Visa concerns 'spooking' UK universities

Universities are telling the UK government that action needs to be taken urgently to prevent the coronavirus pandemic posing practical problems for overseas students wishing to study in Britain.

There is already uncertainty about how many foreign students will enrol in the 2020-21 academic year because of Covid-19 movement restrictions and because of continuing fears over the spread of the virus.A fall in the number of overseas students - who often pay up to twice the £9,250 tuition fees charged to British students - would not only have serious financial implications for universities but could seriously affect the talent pipeline which so many UK businesses rely on.While the government has made a series of announcements relaxing visa requirements for international students, including temporarily allowing them to renew or change their visas without having to return to their home country, the closure of Visa Application Centres because of the pandemic is causing concern.Vivienne Stern, director of Universities UK International, told Times Higher Education (THE) that “the priority is making sure the system is working at all" and that the closure of the visa centres was "spooking" the higher education sector.
Ms Stern said that the Academic Technology Approval Scheme, which approves study in certain subjects at postgraduate level, was also not functioning.“If we don’t get those systems up and running, it will be hard to send the message to international students, many of whom do still want to study here, that they can get the visas they need,” she said.James Pitman, managing director of global company Study Group, which prepares international students for university degree programmes, said that while institutions were preparing to have some or all their courses online for the first term of the upcoming academic year, the government must be clear about how it will address the “unprecedented circumstance” that international students find themselves in.“Uncertainty in this area will undoubtedly deter international students and do significant damage to the sector,” he told the THE, adding that while recent flexibility on English testing, allowing universities to conduct their own assessments, was welcome, it "only covers a portion of the demand that has been building up in markets such as China”.Eva Crossan Jory, vice-president for welfare at the National Union of Students, said the predicted decline in international students would have “a hugely detrimental effect on the experience for all students on campus, as well as the knock-on effects on institutional financial sustainability”.Britain is the second-most popular university destination for foreign students after the United States. In 2018-2019, one in five pupils in the country came from overseas. Our of a total of 485,645 overseas students, nearly 343,000 came from outside the European Union, with 120,385 coming from China.On Monday, Education Secretary Gavin Williamson announced that £2.6 billion in forecast tuition fee payments would be brought forward to help address cash flow concerns, along with £100 million in government funding to help protect research activities.The changes will mean higher education providers in England will be able to recruit full-time undergraduate UK and EU students for 2020-21 based on their forecasts for the next academic year, plus an additional five per cent.Dr Tim Bradshaw, chief executive of the Russell Group of leading universities, said: "Universities will always do their part helping the NHS and our communities in the fight against coronavirus while taking immediate steps to make savings and deliver the best value for every pound we spend."However, the effects of this virus will be long term and it is vital the country is in a strong position to bounce back.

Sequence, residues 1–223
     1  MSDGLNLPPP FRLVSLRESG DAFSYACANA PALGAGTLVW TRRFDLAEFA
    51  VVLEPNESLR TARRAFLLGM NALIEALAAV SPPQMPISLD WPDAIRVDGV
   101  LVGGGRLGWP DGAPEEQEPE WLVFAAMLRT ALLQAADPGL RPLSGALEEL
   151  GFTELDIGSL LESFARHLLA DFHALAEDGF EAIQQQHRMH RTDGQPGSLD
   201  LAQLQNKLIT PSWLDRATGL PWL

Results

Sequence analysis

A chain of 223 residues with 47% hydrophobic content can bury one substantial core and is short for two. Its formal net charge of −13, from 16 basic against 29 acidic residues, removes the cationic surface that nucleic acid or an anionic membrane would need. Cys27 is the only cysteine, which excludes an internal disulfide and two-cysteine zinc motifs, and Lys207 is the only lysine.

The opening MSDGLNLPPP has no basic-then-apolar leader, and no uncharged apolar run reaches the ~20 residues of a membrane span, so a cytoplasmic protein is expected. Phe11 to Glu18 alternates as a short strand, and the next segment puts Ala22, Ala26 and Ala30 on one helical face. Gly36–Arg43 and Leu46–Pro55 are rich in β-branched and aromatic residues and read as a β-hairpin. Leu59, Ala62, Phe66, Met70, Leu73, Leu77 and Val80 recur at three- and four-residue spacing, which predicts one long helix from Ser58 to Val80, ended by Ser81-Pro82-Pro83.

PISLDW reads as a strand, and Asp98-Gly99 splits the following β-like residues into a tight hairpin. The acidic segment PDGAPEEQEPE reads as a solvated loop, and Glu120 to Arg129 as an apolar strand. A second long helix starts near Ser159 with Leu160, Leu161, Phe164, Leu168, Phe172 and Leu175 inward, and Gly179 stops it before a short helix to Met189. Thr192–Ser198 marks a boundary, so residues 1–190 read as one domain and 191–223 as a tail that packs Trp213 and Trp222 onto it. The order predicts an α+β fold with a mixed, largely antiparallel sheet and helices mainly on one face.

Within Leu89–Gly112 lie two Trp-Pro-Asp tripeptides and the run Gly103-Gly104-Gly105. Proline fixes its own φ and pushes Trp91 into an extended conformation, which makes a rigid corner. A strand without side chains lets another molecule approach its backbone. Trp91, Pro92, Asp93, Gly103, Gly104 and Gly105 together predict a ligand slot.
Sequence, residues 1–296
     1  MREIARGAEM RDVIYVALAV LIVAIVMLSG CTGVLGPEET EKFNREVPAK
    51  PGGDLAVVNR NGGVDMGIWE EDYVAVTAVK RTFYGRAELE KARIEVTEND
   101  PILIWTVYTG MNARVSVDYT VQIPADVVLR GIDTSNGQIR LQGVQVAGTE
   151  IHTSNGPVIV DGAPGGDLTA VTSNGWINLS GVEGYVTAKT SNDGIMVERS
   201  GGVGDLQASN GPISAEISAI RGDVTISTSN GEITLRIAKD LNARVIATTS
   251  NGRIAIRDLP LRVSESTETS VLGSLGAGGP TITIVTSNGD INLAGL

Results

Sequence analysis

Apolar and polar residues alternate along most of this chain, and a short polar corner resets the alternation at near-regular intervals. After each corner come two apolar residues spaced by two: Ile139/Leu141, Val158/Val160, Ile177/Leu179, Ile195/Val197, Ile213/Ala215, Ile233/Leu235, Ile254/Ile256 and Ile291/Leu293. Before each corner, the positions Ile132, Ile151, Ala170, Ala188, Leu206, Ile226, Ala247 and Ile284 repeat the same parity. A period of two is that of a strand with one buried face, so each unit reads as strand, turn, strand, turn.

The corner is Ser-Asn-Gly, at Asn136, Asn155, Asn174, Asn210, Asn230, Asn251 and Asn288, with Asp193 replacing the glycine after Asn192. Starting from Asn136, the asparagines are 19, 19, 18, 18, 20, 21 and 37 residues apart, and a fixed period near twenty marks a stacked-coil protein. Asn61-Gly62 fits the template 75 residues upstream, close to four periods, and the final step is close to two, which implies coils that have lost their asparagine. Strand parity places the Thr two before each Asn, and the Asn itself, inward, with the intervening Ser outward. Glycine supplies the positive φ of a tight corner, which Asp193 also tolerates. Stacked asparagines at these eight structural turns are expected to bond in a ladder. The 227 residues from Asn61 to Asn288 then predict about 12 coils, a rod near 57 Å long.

"The ideas, skills and innovation of our universities, students and staff will be at the heart of this and we will continue to work with the government to protect those qualities and unleash Britain's potential."

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